A TIMELINE OF EVENTS…. Several readers have asked what the schedule looks like for today, in terms of what votes are likely to happen when. It’s been tough to put together a timeline, and scrapping “deem and pass” means the process will take a bit longer.

CBS News, however, put this timeline together, which is consistent with what I’m hearing from Hill aides:

2 p.m.: The House will debate for one hour the rules of debate for the reconciliation bill and the Senate bill.

3 p.m.: The House will vote to end debate and vote on the rules of the debate.

3:15 p.m.: The House will debate the reconciliation package for two hours.

5:15 p.m.: The House will vote on the reconciliation package.

5:30 p.m.: The House will debate for 15 minutes on a Republican substitute and then vote on the substitute.

6 p.m.: The House will vote on the final reconciliation package.

6:15 p.m.: If the reconciliation bill passes, the House will immediately vote on the Senate bill, without debate.

Also note, if the House approves the Senate bill, it will go directly to the White House. It’s possible, if not likely, that President Obama would sign it into law this evening.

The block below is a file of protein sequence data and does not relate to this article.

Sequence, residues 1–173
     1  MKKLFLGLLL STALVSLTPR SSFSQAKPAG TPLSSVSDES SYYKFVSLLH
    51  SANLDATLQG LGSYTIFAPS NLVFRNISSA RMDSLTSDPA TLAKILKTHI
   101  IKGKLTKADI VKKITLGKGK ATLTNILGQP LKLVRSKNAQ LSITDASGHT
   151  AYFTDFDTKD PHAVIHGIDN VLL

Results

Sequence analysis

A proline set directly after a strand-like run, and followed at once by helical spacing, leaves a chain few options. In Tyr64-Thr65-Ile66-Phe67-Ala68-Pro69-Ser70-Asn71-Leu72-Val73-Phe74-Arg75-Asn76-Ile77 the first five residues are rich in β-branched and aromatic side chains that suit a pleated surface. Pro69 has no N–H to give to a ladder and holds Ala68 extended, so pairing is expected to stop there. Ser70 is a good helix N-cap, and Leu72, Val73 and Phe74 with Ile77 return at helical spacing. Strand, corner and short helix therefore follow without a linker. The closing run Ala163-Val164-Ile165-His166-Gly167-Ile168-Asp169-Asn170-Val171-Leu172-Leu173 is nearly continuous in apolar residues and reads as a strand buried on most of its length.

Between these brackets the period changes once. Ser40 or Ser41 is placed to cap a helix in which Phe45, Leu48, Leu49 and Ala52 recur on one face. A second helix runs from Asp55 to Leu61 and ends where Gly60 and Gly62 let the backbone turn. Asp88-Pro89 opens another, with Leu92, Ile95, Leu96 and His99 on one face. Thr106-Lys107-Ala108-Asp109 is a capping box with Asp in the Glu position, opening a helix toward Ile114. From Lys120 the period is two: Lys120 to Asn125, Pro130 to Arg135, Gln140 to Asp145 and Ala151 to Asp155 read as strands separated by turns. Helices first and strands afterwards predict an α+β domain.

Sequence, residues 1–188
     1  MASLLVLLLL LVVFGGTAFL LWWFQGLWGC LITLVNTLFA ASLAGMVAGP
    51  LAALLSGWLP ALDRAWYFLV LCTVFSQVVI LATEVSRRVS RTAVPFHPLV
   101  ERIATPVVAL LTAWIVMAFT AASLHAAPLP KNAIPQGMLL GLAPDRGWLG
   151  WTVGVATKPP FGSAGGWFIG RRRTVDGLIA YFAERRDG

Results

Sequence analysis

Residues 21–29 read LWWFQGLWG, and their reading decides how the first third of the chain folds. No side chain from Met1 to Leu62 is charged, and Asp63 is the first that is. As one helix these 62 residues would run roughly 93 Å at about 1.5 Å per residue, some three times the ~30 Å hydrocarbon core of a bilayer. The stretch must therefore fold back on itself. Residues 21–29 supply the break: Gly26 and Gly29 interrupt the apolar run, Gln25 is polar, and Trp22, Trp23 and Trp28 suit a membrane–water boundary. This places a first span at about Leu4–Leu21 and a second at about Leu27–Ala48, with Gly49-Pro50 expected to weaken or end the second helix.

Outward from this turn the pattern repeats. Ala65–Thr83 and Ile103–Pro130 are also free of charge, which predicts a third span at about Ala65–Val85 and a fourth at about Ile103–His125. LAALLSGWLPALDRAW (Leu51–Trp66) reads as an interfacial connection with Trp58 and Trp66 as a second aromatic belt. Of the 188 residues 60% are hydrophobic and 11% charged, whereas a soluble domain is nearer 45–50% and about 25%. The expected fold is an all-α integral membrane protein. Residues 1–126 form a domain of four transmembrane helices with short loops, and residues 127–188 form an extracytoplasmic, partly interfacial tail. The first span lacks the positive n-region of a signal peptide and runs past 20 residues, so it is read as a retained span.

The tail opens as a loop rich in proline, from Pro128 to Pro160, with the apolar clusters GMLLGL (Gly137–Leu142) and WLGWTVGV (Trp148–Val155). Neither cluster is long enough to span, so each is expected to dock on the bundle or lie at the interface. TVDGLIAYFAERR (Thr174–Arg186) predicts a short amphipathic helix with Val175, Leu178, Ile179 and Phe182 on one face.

But if the vote counting goes poorly for the Democratic leadership today, it’s also possible that Speaker Pelosi could delay a vote until tomorrow (or later), if she decides the votes aren’t there and she needs more time to get them.

For now, however, the timeline published by CBS looks about right. It’s subject to revision, of course, but it’s something to keep in mind as you plan your day.

Update: OK, it now looks like this schedule isn’t even close to being right. Officials circulated a revised timeline, which points to final votes closer to 9:30 p.m. (ET), and even that may be optimistic.

If you’re wondering why this can’t be a quicker process, note that GOP lawmakers are trying a variety of delaying tactics to drag this out as long as they can.

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Steve Benen

Follow Steve on Twitter @stevebenen. Steve Benen is a producer at MSNBC's The Rachel Maddow Show. He was the principal contributor to the Washington Monthly's Political Animal blog from August 2008 until January 2012.